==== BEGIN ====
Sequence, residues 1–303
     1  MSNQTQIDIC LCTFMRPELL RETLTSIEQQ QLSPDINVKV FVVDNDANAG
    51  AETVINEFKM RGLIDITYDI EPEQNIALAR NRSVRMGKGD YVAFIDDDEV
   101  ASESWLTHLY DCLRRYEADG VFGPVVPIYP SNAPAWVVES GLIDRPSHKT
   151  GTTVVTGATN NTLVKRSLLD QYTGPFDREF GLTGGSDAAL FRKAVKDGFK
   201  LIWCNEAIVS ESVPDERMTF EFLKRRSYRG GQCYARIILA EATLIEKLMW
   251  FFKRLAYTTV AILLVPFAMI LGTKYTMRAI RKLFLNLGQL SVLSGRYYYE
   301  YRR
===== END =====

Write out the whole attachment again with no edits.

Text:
Sequence, residues 1–303
     1  MSNQTQIDIC LCTFMRPELL RETLTSIEQQ QLSPDINVKV FVVDNDANAG
    51  AETVINEFKM RGLIDITYDI EPEQNIALAR NRSVRMGKGD YVAFIDDDEV
   101  ASESWLTHLY DCLRRYEADG VFGPVVPIYP SNAPAWVVES GLIDRPSHKT
   151  GTTVVTGATN NTLVKRSLLD QYTGPFDREF GLTGGSDAAL FRKAVKDGFK
   201  LIWCNEAIVS ESVPDERMTF EFLKRRSYRG GQCYARIILA EATLIEKLMW
   251  FFKRLAYTTV AILLVPFAMI LGTKYTMRAI RKLFLNLGQL SVLSGRYYYE
   301  YRR